Eldred nodded, stepping away from the wall, and walking over to where she sat. She smiled at him as he sat down on the floor beside her, tracing patterns with his finger in the dulled rug that covered the stone.
They sat in silence for a while, as they often did, his mother stitching away, commentating to herself as Eldred was left to trace patterns and think. He liked this time- it gave him time to think, allowed him to chase his dreams as he sat by the fire. The silence was mutual- neither of them protested, enjoying the simple time where no words were needed.
Quiet bubbling was what broke the silence, as the pot on the stove began to boil a little too vigorously. Eldred’s mother rose, placing her sewing down on the chair she had sat on, and leaving the room without a word. Eldred looked up, craning his neck to try and see his mother as she moved around the kitchen, placing things in the pot and chopping vegetables to go in with what he assumed was the leftover meat. Unable to catch a glimpse, he resigned to stare out of the window instead. The sun had begun to set, and long shadows were being cast over the already-dark landscape. Trees stretched long, shadowy fingers toward the village, and the walls seemed to grow in size, ready to barricade the village in its own little area of light.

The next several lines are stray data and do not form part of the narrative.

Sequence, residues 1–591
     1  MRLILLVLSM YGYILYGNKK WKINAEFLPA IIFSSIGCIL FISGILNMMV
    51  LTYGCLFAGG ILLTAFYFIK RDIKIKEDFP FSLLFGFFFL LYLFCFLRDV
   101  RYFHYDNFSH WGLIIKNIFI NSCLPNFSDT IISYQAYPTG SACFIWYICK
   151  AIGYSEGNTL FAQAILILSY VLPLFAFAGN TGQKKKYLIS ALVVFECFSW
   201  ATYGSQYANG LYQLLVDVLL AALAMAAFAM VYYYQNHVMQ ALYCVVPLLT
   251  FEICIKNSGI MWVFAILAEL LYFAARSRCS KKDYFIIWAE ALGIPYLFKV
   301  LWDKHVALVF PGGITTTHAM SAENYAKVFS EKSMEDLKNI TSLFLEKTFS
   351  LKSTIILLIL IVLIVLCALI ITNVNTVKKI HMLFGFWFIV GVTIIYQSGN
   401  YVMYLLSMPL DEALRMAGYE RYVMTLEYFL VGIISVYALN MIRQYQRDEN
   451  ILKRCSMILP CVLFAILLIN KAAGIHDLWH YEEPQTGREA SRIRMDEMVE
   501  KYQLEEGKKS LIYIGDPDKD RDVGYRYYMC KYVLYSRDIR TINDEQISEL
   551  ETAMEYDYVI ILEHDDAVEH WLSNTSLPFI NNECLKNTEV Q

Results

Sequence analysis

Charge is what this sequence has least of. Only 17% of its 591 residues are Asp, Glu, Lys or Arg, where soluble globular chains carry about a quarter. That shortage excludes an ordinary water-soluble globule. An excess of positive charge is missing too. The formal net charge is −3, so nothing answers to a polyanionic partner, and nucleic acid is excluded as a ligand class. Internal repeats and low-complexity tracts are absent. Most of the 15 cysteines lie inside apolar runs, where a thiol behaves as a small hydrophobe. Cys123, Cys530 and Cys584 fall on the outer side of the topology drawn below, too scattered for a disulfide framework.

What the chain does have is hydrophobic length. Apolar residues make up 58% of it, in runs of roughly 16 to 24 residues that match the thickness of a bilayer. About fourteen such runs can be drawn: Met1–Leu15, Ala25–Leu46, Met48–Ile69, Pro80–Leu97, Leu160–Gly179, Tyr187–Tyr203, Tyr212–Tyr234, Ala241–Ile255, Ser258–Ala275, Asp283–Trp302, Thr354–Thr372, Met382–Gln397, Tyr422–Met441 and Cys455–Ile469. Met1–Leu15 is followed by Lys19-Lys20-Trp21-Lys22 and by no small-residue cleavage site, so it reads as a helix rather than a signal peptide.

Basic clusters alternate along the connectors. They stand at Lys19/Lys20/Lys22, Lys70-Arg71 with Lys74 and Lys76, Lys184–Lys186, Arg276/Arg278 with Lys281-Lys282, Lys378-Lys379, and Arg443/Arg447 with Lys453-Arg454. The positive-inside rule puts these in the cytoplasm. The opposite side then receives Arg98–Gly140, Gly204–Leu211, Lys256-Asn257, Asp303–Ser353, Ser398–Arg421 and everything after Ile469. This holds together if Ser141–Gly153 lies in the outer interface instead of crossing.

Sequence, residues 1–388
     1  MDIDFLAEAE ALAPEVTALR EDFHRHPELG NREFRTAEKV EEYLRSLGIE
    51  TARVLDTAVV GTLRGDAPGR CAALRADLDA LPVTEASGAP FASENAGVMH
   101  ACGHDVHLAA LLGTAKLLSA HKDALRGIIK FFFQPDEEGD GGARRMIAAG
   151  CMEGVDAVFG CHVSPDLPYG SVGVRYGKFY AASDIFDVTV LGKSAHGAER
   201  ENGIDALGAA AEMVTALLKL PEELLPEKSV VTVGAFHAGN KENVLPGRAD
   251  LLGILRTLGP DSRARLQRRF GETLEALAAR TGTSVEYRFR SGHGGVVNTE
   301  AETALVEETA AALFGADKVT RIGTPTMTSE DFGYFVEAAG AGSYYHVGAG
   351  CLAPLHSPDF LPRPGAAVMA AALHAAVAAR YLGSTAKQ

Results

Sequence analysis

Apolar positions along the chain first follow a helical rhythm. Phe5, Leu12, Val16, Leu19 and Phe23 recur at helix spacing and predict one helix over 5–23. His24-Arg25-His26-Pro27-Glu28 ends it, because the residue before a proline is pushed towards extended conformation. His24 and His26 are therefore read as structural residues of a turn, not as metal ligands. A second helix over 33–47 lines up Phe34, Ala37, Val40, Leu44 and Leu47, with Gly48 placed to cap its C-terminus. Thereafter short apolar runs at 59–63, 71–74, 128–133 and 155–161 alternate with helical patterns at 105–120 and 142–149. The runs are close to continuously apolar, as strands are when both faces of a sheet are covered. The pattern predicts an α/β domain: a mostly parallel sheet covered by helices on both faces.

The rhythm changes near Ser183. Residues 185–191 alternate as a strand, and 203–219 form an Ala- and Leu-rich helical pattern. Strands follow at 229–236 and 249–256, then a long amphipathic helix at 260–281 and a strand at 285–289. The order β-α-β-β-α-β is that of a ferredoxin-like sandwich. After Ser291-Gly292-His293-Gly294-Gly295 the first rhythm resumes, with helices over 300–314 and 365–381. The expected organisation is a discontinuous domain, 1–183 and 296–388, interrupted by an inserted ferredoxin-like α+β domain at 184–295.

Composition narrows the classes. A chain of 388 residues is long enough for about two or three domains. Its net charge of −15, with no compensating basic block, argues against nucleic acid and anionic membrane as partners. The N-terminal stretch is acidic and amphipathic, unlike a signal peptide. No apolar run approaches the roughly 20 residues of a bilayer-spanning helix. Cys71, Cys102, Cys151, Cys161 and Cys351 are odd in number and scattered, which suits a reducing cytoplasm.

“Eldred?” his mother called, not leaving the pot on the stove, “light the candles, would you?”
On command, he stood up, heading for the small cabinet toward the opposite end of the room, reaching inside and pulling out the lamps and the candles saved from the previous night. He placed them on the surface of the cabinet- different candles of many different colours and shapes, along with their one oil lamp, and shut the door. He took the longest of them, lighting it in the fire before returning to light the lamp and his own short candle, wincing as hot wax dripped onto his bare hand. He blew out the candle, and took the oil lamp to his mother, rubbing off the quickly cooled wax, and returning for his own candle. He left the others on the cabinet, unsure whether they would need any more that night.
He picked up the lit candle, and went back toward the rug, placing the candle and its holder carefully on the hearth, and retaking his position beside the fire. Eldred took a deep breath, and leaned back until he was lying flat on the ground, looking up at the ceiling. Their house was old- older than any other in the village. It had been around for centuries, and was the very first house that was built as part of the village. His mother had told him this when he was young, telling him that his father would have wanted him to know. A frown crossed his face briefly.